2) Women choose lower paying jobs--men teachers or nurses still make more than women
3) Lack of negotiating skills--could be the employers fault
Why is sexism still around?
Sexism is self perpetuating
What is the social role theory?
the theory that small gender differences are magnified in perception by the contrasting social roles occupied by men and women
What is the first step to self perpetuating?
young boys and girls are perceived differently by adults because stereotypes guide perceptions
Describe the study of the adults watching a baby crying from the jack in the box (Condry and Condry)
IV: told baby is a boy vs. girl
DV: report the baby's emotion
- boy= he's surprised, anger
- girl= she's scared
What is the second step to self perpetuating process?
Because they are perceived different, boys and girls are treated differently and exposed to different messages
What did the Barbie pull string say and what is this doing?
"Math is hard" is exposing girls to this message
What is the third step to self perpetuating process?
These gender stereotypic messages are internalized and incorporated into self-concept and other-concept
Describe the study where the 2 yr old is showed pictures of men and women going gender typical and atypical tasks (serbin)
They generated a surprise! reaction (gaze duration) at the atypical pictures
What is the fourth step to self perpetuating process?
As they reach adulthood, stereotypes become entrenched and drive perceptions of self and others
What are the 2 components of Ambivalent -Modern (mixed/contradictory feelings) Sexism?
1) benevolent sexism
2) hostile sexism
What is benevolent sexism?
women are "better" than men, but are weaker/fragile and require protection (paternalistic attitude)
What is hostile sexism?
- negative/resentful attitude towards women, especially those who violate gender stereotypes
How are benevolent and hostile sexism correlated?
- they are highly correlated
- negatively correlative with women's access to political and economic power
What does it mean to be objectified?
someone is viewed as or treated more as mere bodies or objects and less as fully functioning human beings
Give an example of a double standard for women
They are seen as more competent if they present themselves with stereotypically masculine rather than feminine traits, yet when they do this, they are also perceived as less socially skilled and attractive
What happens when men and women are in a job that is atypical for their gender?
men and women were judged more harshly for a mistake made on a job traditionally held by the other sex than for the same kind of mistake on a job in which their gender was the majority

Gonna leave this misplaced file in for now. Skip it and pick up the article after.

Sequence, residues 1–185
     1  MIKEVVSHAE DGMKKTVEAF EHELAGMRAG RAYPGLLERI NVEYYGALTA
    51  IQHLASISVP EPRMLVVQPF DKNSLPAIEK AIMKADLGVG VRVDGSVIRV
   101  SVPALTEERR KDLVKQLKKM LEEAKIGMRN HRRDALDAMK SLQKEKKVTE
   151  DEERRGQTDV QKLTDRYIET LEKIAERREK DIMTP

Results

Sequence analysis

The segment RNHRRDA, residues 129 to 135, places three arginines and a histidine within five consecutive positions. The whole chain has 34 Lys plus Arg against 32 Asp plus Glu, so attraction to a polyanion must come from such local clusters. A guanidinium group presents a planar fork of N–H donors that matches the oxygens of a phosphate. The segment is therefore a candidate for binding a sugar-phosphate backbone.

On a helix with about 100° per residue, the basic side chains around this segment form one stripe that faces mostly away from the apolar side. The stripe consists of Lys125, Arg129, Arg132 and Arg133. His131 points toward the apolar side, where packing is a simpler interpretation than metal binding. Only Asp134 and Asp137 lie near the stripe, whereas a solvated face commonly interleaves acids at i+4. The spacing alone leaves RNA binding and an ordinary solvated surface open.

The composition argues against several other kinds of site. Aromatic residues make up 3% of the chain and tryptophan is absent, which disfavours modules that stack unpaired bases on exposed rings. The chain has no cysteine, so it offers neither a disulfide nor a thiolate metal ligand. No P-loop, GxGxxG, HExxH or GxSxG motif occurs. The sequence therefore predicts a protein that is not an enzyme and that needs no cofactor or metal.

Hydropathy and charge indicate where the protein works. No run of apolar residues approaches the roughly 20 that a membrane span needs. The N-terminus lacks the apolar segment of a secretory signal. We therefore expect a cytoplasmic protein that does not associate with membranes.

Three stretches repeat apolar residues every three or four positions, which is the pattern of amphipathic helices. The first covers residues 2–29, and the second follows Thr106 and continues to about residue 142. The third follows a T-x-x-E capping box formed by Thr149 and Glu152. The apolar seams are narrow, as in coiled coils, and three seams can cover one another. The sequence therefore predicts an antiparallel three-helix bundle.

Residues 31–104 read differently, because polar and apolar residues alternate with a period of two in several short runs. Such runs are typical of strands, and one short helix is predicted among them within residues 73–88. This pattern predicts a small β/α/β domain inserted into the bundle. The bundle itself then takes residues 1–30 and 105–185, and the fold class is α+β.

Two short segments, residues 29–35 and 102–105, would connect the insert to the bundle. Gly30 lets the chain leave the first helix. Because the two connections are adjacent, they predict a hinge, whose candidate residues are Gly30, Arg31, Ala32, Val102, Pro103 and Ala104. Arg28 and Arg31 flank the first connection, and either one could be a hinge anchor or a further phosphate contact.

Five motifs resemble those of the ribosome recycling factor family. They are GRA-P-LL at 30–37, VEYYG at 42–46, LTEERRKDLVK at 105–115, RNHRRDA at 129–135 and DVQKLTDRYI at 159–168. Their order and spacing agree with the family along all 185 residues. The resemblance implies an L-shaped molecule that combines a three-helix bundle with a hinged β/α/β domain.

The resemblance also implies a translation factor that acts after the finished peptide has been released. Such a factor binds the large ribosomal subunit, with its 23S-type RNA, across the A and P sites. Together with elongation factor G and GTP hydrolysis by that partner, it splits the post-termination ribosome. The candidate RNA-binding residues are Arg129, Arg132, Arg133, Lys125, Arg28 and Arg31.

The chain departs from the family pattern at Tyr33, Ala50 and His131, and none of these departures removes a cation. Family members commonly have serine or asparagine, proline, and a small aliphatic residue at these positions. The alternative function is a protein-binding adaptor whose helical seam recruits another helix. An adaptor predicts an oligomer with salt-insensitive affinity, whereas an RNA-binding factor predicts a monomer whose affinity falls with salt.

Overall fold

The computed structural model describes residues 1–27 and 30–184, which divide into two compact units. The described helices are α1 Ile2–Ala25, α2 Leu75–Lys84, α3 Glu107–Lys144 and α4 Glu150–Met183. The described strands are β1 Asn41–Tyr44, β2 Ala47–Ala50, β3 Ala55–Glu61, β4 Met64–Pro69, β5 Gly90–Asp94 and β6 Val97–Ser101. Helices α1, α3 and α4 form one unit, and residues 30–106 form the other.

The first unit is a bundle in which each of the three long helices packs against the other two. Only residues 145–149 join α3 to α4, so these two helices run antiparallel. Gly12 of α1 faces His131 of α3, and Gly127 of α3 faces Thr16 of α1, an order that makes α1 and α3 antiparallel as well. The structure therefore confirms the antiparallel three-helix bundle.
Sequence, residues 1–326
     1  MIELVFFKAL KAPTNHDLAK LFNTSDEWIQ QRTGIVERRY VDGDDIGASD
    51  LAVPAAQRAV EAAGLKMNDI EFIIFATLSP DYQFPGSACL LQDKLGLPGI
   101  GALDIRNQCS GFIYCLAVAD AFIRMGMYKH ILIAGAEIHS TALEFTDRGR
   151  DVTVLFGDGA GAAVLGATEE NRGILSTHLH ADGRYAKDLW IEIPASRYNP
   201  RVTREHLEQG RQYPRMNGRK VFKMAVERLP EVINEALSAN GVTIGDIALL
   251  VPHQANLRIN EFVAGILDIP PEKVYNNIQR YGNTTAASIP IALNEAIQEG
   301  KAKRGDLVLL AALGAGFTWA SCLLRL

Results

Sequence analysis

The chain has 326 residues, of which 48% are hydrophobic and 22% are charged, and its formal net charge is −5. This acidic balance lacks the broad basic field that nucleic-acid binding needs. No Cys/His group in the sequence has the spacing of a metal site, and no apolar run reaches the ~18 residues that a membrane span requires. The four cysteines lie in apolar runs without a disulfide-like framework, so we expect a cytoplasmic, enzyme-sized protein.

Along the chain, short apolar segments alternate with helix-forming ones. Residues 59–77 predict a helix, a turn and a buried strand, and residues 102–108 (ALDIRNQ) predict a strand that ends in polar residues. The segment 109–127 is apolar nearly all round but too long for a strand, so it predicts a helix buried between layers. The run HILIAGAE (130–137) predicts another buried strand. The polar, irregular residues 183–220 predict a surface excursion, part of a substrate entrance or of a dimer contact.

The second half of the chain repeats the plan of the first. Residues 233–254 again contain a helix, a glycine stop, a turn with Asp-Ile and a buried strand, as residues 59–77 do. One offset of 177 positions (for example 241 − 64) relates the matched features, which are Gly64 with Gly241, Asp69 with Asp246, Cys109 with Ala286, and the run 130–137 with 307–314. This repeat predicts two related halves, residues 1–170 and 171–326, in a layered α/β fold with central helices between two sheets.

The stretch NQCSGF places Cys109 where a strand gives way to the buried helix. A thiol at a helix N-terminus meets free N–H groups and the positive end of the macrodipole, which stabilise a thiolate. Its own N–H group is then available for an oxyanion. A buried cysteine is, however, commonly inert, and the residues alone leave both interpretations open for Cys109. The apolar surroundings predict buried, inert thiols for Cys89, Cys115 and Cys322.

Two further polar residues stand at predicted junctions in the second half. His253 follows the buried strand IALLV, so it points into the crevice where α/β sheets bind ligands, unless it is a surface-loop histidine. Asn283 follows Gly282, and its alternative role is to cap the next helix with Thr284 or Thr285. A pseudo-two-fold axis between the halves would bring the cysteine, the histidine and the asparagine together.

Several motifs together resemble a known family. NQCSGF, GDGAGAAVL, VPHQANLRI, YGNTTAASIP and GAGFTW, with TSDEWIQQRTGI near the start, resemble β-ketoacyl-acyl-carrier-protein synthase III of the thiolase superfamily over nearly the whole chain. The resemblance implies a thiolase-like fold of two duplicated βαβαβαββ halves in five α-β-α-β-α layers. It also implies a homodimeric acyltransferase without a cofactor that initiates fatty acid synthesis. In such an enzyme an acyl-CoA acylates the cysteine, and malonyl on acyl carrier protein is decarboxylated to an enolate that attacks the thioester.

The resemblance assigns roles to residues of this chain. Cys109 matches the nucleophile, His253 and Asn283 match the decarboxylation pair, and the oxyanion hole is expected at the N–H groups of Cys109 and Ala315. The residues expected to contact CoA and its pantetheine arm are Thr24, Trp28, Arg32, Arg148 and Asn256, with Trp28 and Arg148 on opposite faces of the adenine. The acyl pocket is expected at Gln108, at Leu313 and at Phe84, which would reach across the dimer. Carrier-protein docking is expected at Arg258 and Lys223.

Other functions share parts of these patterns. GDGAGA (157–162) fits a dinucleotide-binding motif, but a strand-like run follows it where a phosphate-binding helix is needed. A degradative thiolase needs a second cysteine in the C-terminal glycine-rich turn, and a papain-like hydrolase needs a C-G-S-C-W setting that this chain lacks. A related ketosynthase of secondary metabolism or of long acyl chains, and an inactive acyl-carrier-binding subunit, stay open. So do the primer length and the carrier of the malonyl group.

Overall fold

What are the causes or sources of SPD?
1) Social Cognitive Processes
2) Social Identity Theory
3) Social Learning
4) Realistic Conflict Theory
What is social cognitive processes?
refers to how our brain processes social information
What are the 2 ways our brain processes social information?
a) social categorization
b) identify individuals as belonging to an in-group or out-group
What is social categorization?
- classification of persons into groups on the basis of common attributes
- can be adaptive
- we are "pre-wired" to do this
What is an in-group and an out-group?
in group= group to which the perceiver belongs
out group= group to which the perceiver doesn't belong
What are the consequences of putting people in in-groups and out-groups?
1) Out-group homogeneity bias
2) In-group bias
What is Out-group homogeneity bias?
- perceive out-group members as being overly similar than they actually are
(Ex: thinking DG is diverse, but all Thetas are smart and all Aphis are pretty)
- contributes and promotes stereotypes!!!!
What is in-group bias?
- we tend to favor members of in-group
- contributes to prejudice and discrimination!!!!!
What is the Social Identity Theory?
people favor in-groups over out-groups in order to enhance there self esteem
What is the core motive of the Social Identity Theory?
positivity strivings!! we want to feel good about ourselves!!
2 things to view self positivity
1) Personal Achievement
2) Belong to/associate with high status group
What happens to the opinions of in-groups in individualistic and collectivist cultures?
when participants' self-esteem was threatened, those with individualistic self-concepts showed more ingroup favoritism, whereas those with collectivistic self-concepts did not
What can an individual do to maintain or improve status of in-group?
1) Work to improve/support status of in-group
2) Work to undermine/derogate out-group-->SPD
What is social dominance orientation?
the desire to see one's in-group as dominant over other groups and a willingness to adopt cultural values that facilitate oppression over other groups
What is the system justification theory?
A theory that proposes that people are motivated to defend and justify the existing social, political, and economic conditions
What is stereotype content model?
a model proposing that the relative status and competition between groups influence group stereotypes along the dimensions of competence and warmth
Implications of Social Identity Theory
1) people should be especially likely to SPD against an out-group when they are feeling THREATENED
2) expressing SPD against an out-group should INCREASE self-esteem
Describe the study about hiring jewish and non jewish people after being told they were told they had either high or low IQs (Fein and Spencer)
-subs people who weren't jewish
-assess self esteem
-evaluate job candiate
-IV 1- tested highly vs tested poorly
IV 2- candiate is jewish vs not jewish
-Dv rating of candiate
-equal ratings for non jewish
-Higher ratings for High IQ jewish
- shows that they discriminated against an out-group because they were feeling threatened (the more poorly the candidate is rated, the bigger the increase in self esteem)